Noting his own recent experience with Canada’s national health-care system—the 92-year-old former president was treated at a Winnipeg hospital, after he showed signs of becoming dehydrated while working on a Habitat for Humanity project—Carter spoke in Plains about the logic of a universal single-payer system at a time when a growing number of prominent Democrats are joining Sanders making the “Medicare for All” argument.
Senator Elizabeth Warren, D-Massachusetts, has signaled that Democrats should campaign on the issue, arguing that:
President Obama tried to move us forward with health-care coverage by using a conservative model that came from one of the conservative think tanks that had been advanced by a Republican governor in Massachusetts. Now it’s time for the next step. And the next step is single payer.
New York Senator Kirsten Gillibrand has expressed similar sentiments in recent weeks, saying: “Health care should be a right, it should never be a privilege. We should have Medicare for all in this country.”
That’s smart policy and smart politics.
The June Kaiser Health Tracking poll found that a majority of Americans (53 percent) now favor a single-payer health plan, while just 43 percent oppose such a plan. What’s especially notable is that not just progressive Democrats but independents are turning toward a “Medicare for All” system. “Not surprisingly,” note the Kaiser analysts,
There are partisan divisions in how the public feels about single-payer health care, with a majority of Democrats (64 percent) and just over half independents (55 percent) in favor and a majority of Republicans (67 percent) opposed. However, the recent increase in support for single-payer has largely been driven by an increase among independents. Among this group, on average in 2008-2009, 42 percent said they would favor a single-payer plan, a share that has increased to a majority (55 percent) in the most recent tracking poll.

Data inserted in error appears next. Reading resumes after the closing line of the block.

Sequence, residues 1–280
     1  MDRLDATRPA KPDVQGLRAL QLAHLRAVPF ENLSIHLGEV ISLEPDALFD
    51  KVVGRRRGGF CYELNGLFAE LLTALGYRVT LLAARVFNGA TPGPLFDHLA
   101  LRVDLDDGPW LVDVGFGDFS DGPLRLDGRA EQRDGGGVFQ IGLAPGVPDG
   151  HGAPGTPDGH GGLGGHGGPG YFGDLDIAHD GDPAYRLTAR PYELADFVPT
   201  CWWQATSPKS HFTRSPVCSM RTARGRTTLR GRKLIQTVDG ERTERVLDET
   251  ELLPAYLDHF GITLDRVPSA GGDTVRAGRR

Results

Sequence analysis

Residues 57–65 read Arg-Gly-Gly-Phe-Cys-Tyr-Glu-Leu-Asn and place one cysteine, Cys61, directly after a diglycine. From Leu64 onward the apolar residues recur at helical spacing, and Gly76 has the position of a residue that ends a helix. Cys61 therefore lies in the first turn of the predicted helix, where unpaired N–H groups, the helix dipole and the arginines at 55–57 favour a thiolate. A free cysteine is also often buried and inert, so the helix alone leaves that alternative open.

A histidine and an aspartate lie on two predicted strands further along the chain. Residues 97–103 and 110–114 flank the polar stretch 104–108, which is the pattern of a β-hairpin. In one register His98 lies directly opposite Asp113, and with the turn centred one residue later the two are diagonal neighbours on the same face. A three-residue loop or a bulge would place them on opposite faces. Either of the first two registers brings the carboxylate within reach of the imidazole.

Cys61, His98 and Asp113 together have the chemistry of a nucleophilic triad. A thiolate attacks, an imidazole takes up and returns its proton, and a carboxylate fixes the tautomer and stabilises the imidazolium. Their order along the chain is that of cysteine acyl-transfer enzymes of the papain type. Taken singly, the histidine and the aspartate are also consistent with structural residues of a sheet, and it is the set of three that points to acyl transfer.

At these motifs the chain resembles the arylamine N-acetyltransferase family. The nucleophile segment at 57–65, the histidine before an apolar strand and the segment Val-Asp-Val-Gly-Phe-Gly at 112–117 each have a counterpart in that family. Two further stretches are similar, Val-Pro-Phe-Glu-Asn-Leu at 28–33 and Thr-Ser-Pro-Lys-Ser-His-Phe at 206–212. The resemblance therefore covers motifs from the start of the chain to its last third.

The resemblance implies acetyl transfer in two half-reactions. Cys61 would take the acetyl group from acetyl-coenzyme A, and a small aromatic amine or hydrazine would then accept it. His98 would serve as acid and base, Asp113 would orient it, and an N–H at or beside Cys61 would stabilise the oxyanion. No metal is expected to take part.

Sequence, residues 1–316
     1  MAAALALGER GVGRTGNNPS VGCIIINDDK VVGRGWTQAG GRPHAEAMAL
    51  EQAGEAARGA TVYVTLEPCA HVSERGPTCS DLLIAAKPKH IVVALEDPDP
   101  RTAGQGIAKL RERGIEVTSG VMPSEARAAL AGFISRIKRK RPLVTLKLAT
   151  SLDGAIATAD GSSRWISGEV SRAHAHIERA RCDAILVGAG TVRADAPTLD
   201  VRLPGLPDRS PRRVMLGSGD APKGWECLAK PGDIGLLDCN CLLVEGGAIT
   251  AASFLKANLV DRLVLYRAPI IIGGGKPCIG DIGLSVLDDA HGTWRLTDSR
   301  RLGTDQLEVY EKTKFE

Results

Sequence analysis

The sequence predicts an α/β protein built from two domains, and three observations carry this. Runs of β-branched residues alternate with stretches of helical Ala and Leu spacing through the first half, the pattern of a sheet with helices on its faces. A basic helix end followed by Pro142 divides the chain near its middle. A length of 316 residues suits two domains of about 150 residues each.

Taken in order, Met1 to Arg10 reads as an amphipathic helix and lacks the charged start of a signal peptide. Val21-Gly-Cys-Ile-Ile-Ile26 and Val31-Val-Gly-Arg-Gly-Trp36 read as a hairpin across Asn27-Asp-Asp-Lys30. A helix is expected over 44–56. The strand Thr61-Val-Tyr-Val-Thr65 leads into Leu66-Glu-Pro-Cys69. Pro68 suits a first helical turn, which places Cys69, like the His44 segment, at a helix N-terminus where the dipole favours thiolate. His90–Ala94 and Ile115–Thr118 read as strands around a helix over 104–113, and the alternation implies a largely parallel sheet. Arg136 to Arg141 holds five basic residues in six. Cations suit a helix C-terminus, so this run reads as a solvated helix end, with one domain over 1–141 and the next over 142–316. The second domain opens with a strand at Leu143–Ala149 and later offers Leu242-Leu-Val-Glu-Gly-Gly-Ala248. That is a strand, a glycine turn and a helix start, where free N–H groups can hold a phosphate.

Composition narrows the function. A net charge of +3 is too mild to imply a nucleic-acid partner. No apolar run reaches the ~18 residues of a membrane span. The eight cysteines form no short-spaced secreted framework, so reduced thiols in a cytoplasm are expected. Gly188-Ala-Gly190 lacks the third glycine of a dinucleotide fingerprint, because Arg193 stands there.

The Pew Research Center notes that support for the argument that government has a responsibility to provide health-care coverage is especially pronounced among young people under the age of 20—precisely the potential voters that Democrats will need to motivate in 2018 and in 2020.
Jimmy Carter finished his presidency before Americans who are under the age of 30 were born. But he recognizes what they recognize. This is not complicated. It is what other countries have done. It is what the United States has done for older Americans with Medicare. Now, says Carter, the next step can be taken with “the expansion of Medicare to include all ages.”
Republicans have made their opposition to that expansion clear. They seek to constrain access to health care, not just by repealing the Affordable Care Act but also by undermining programs such as Medicare and Medicaid.
Democrats need to make their support for expansion clear. Yes, they must fight now to stop the Republican assault on the Affordable Care Act. But just saying “no” to Donald Trump and Paul Ryan is an insufficient response to the challenges that now exist and to the challenges that will take shape in the future. As Congressman John Conyers, the Michigan Democrat who has sponsored H.R. 676, the Expanded And Improved Medicare for All Act, says:
Establishing a non-profit universal single-payer health care system would be the best way to effectively contain health care costs and provide quality care for all Americans. It is time for Members of Congress, health policy scholars, economists, and the medical community to begin a serious discussion of the merits of a universal single-payer health care system.
In other words: It is time to listen to Jimmy Carter’s wise counsel.